The women behind Army Hair, an online community connecting military women and providing hair and career tips, are sharing their unique stories in a new column on Yahoo Lifestyle. In their introductory post, they tackle the feat of perfect “Army hair.”
I remember being so new to the Army that I didn’t even know how to comb my hair. I had hair all my life, but Army life? That’s something I didn’t know about yet.
You are looking at the byline now, aren’t you? How can a girl who calls herself “Army Hair” not know how to comb it?! I’m a veteran now in so many aspects of my Army identity. I’ve served more than 15 years, gone to war and back a couple of times, led one soldier, led hundreds of soldiers, jumped out of planes, roped out of helicopters, lived amazing days, and I’m more than halfway through the 10,000 hours required to achieve mastery in combing my hair for Army life.
When the Army trains a soldier, it first provides a challenging but mostly safe environment in which to teach, train, and grow skills. These skills are then reinforced through repetition and committed to muscle memory. This was also true for the evolution of combing my hair for the Army.
My hair story starts with the land navigation course (you know, using a compass and a map to find things) in the woods of Missouri. After crawling through some brush while searching for a point on the map, I felt something heavy settle on my shoulders and wrap around my neck. I panicked and ran, arms flailing, legs high-stepping, and constricted little yelps coming from my mouth.
About 200 yards later, I finally got it off me. As I looked around to see if anyone had witnessed my embarrassing dash of terror, and realized it wasn’t a snake. My bun had come undone, and my long hair unleashed itself in a heavy coil around my neck, causing me to toss my map board and run for my life. Relief washed over me as I rewrapped my bun and realized I was completely alone and no one would ever have to know.
I retraced my steps to collect my map and pencil, crawling again through brush where snakes might live. “There has got to be a better way,” I thought.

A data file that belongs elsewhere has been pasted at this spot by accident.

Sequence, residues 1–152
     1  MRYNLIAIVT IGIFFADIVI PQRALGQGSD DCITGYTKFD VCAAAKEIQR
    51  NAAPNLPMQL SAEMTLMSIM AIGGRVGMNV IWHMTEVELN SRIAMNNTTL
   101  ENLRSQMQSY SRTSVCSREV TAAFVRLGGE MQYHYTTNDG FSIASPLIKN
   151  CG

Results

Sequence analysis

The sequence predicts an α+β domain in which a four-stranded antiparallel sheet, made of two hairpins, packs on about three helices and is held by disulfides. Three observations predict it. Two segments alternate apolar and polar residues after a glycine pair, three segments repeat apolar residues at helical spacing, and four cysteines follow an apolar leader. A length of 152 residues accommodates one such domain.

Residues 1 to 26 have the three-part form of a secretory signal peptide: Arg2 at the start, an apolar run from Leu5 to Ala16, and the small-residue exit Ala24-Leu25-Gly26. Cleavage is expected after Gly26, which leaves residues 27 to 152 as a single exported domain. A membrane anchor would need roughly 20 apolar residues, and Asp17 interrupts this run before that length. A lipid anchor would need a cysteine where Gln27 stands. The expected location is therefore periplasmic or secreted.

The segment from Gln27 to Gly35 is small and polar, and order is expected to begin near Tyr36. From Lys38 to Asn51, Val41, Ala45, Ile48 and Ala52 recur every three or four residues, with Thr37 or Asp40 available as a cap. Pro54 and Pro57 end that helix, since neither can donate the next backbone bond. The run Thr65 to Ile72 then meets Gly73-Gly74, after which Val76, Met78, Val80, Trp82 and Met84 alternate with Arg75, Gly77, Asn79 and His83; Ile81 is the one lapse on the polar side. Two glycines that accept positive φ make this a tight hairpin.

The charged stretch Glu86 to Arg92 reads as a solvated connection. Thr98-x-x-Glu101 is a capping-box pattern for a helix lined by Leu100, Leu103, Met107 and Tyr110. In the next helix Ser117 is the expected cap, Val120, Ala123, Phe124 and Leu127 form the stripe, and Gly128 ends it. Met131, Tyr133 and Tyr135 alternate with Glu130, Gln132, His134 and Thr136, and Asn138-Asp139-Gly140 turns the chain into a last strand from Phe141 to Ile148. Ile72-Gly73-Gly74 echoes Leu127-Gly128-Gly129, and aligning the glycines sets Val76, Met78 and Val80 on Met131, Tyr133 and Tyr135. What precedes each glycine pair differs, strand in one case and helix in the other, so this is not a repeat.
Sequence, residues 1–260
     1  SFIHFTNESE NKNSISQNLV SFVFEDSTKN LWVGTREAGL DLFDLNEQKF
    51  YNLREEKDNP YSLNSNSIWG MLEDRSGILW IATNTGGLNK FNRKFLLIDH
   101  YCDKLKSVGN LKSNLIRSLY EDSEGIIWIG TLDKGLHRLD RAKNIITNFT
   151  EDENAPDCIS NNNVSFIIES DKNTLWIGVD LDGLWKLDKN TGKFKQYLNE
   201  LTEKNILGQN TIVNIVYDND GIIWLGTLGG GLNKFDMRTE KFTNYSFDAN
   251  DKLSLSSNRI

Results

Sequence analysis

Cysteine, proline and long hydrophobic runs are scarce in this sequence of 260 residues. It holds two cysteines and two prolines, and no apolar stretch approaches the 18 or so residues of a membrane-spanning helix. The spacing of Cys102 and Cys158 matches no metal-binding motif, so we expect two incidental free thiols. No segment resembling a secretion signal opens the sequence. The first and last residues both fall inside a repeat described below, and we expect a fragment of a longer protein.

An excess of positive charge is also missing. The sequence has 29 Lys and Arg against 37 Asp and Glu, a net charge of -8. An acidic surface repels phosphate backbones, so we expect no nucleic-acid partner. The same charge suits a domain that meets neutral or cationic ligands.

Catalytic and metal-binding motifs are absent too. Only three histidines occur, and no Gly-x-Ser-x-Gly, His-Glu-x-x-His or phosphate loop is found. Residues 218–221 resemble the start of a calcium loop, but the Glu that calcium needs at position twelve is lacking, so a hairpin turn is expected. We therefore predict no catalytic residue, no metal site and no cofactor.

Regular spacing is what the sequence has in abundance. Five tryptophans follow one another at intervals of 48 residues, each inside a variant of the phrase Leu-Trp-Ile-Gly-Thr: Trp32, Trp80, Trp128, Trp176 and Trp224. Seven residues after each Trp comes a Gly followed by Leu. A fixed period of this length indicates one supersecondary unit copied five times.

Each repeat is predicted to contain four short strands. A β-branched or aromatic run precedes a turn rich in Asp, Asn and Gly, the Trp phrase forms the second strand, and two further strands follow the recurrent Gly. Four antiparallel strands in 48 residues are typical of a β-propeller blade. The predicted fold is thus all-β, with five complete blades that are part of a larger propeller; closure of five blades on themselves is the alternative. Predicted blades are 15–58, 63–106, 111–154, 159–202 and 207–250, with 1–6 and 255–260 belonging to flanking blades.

This is how I started my journey to seek that better way and learn to do my hair like an Army hair veteran. I started by asking anyone with neat Army hair how they did it. My sheltered hair world opened up as I was introduced to fake buns, donut foam, and weaves. Add in deployments, field time, and high-visibility events, and I was really moving towards a semblance of Army hair mastery.
Did I mention that I can redo a floppy bun in a formation run without breaking stride? Actually, now I work towards not having a floppy bun … ever. Some of the newer women soldiers might be scratching their heads right now, thinking, “Why did you have to wear a bun to run?” The current Army regulation that allows us to wear a ponytail in our workout uniform was only added in 2015! 2015! I’m so old-school that I think I’ve only worn the ponytail like three times since then — I like to hold onto my knobby bun when I do sit-ups.
My Army hair is a bridge and a connection to every single woman who has ever served in the military. One of my soldiers used the term “hair anxiety” for the fear of having hair that is not within regulation, and described feeling this anxiety as she got ready each morning. As a veteran student of Army regulations, I don’t have this anxiety, but I totally get it. Soldiers constantly check each other out to gauge how “squared-away” another soldier is. Generally, this once-over starts at the chest where our rank is located, then moves to the badges above our chest pockets that serve as short-cuts for others to infer our grit, up to the face where men ensure the other has shaved, and then to the hair for both sexes, because we each have our own regulations for how our hair can look. It doesn’t end there.
Next are the patches on the shoulder pockets, which I sometimes still Velcro on the wrong side — I get corrected when I show up for work. (I usually put these on these in haste or when I’m really tired — I promise I’m working on paying better attention to this detail; it’s been, like, a month since the last time it had to be corrected.) The once-over finishes down at the boots, making sure your laces are tucked in. This once-over is a quick check to see that you project a level of presence and military bearing that brings honor to the finest military traditions. Our evaluations even include a section for this. I think it is important to look the part, and indeed, bring honor to the legacy of those who wore the uniform before us and fought to secure our freedom. Also, I know this is not typical for a woman but I hate picking out my clothes, and I love that my boots are always comfortable (compared to high heels).
On this Veteran’s Day, I hope that you will take a moment to acknowledge the journey required to become a veteran. Plenty of us were just kids straight out of high school who went to basic combat training to be broken down and built back up as stronger versions of ourselves. Some of us ran through the woods being attacked by fake snakes, or had other experiences that involved being placed in an unfamiliar environment and asked to succeed at a difficult task. Every journey to become a veteran has been earned through hardship, sacrifice, pride, and personal growth. It takes grit to volunteer and say, “This I will defend.”
In my case, it has taken all of these things — and exceptionally good Army hair.
Connect with Army Hair at armyhair.com.
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